Cloud Ridge Naturalists
spacer In Darwin’s Footsteps: Patagonia’s Atlantic Coast ...


November 5-23, 2016 18 Days/17 Nights
Carol & Carlos Passera, Geoff Hammerson,
Wendy Shattil & Bob Rozinski,
Audrey Benedict and Guest Lecturers

Permission to board! The year is 1831 and Captain Robert Fitzroy, commander of the HMS Beagle, is welcoming the newly appointed naturalist, 22-year-old Charles Darwin, to board her Majesty’s ship. Fitzroy’s instructions from the Admiralty are to continue the work begun on the Beagle’s first voyage and to survey the southern half of South America. Both men were inspired by naturalist Alexander von Humboldt’s epic travels in South America and are determined that their expedition exceed expectations. Darwin’s tasks as ship’s naturalist are to make detailed geological and biological observations and to collect specimens throughout the voyage. As the Beagle set sail for the Canary Islands and South America, neither man could have imagined that their five year circumnavigation of the globe would become the most important scientific voyage of all time.

Charles Darwin combined unique abilities as a naturalist with an intuitive sense of geology— puzzle-solving skills that enabled him to become one of the world’s great scientists. After returning to England, Darwin spent 20 years working through the Beagle’s journals and his own notebooks, looking at specimens, conducting experiments, and corresponding with colleagues. Despite the fact that Darwin and Alfred Russel Wallace jointly presented their theory of natural selection to the Linnean Society in 1858, Darwin waited until 1869 to publish On the Origin of Species. His now-famous book set forth the framework for his theory of evolution—the multi-branched “tree of life”—and described the biological mechanisms responsible for the diversity of life on earth. This dazzling leap forward in science—the Darwinian Revolution—was also an unequivocal rebuttal of creationism. Darwin’s fossil evidence for pushing back earth’s antiquity shocked not only Europe’s most influential clerics but also many of the leading geologists of his day.



It has been 185 years since the HMS Beagle sailed from England’s shores to chart new waters in our understanding of biodiversity. In 2007, Cloud Ridge inaugurated the first of three groundbreaking voyages of discovery “In Darwin’s Footsteps.” This year’s land and sea-based journey traces Charles Darwin’s explorations along the remote Atlantic coastline of Patagonian Argentina and concludes in one the world’s most beautiful wilderness areas—Tierra del Fuego. Beginning in Buenos Aires, we tour the city that Darwin admired as much for its Spanish-Colonial architecture as for the exotic loveliness of its women. Flying to Comodoro Rivadavia, we head first to Bahia Bustamante and Malaspina Bay. From our beachfront cottages, we’ll explore this wild coastline, watching for southern right whales and killer whales, hiking through a petrified “forest” of 60-million-year-old trees, and photographing noisy colonies of South American sea lions, Magellanic penguins, kelp gulls, imperial cormorants, and royal terns.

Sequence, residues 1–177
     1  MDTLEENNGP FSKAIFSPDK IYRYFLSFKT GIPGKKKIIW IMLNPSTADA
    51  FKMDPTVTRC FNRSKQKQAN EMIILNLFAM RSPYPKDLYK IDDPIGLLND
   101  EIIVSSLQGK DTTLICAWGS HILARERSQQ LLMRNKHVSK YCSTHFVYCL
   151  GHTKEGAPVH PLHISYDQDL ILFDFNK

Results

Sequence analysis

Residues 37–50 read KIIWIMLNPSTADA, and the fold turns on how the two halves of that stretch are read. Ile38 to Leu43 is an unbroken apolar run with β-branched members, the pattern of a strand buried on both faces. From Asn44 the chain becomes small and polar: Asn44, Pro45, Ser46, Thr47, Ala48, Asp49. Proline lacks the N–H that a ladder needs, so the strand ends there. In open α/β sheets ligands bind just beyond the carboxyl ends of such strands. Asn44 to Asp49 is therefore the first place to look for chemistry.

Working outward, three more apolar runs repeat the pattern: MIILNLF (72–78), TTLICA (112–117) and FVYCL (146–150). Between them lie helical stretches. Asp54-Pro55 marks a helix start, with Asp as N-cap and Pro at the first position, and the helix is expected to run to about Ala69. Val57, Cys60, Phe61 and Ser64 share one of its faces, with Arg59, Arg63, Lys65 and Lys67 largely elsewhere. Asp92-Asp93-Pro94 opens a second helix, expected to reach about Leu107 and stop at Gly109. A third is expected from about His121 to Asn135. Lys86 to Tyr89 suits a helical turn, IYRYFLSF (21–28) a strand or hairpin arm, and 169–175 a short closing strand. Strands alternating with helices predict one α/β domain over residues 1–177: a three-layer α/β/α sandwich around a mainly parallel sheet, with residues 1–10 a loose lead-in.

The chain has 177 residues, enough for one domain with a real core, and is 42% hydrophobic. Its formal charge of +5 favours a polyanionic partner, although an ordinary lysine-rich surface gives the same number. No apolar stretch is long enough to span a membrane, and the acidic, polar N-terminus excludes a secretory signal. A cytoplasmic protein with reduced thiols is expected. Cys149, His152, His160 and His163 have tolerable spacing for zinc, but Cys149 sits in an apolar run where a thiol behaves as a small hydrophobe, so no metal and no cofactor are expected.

Heading south to the remote coastal region of Puerto Deseado, we’ll watch for guanacos, rheas, and other wildlife. This starkly beautiful area offered Darwin a unique sampling of Patagonia’s biodiversity. At least 134 species of birds are recorded, including both Magellanic and rockhopper penguins, Darwin’s rheas, elegant crested tinamous, burrowing parrots, blacknecked swans, and Andean condors. Of the 28 mammal species recorded, we should have good looks at sea lions, elephant seals, guanacos, maras, hairy armadillos and perhaps catch a glimpse of a Patagonian skunk or a gray fox.

Cormorants (MH)

The remarkable estuary system here is home to a diversity of marine wildlife, including dolphins and noisy colonies of red-legged cormorants. Boating to Isla de los Pajaros, we’ll immerse ourselves in a colony of Magellanic penguins, snowy sheathbills, blackish oystercatchers, and giant petrels—a total sensory experience! If the seas permit, a landing at Isla Penguino gives us the chance to photograph both Magellanic and rock hopper penguins. We’ll also watch for the predatory skuas and petrels that opportunistically patrol these colonies. Gusty winds may give us the gift of black-browed albatrosses soaring over the waves. These seascapes and famous mariner’s landmarks like Cabo Blanco and Tower Rocks are featured in the paintings of Conrad Mertens, the Beagle’s artist. No matter how remote these landscapes may seem to us,“nowhere is a place”— emboldened with the sea’s magic.